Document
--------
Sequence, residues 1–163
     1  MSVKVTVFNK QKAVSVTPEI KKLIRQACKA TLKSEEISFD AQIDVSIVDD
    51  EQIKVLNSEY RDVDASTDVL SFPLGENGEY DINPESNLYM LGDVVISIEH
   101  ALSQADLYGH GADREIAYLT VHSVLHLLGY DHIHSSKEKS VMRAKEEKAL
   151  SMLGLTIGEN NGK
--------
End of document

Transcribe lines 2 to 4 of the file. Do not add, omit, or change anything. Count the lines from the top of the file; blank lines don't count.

     1  MSVKVTVFNK QKAVSVTPEI KKLIRQACKA TLKSEEISFD AQIDVSIVDD
    51  EQIKVLNSEY RDVDASTDVL SFPLGENGEY DINPESNLYM LGDVVISIEH
   101  ALSQADLYGH GADREIAYLT VHSVLHLLGY DHIHSSKEKS VMRAKEEKAL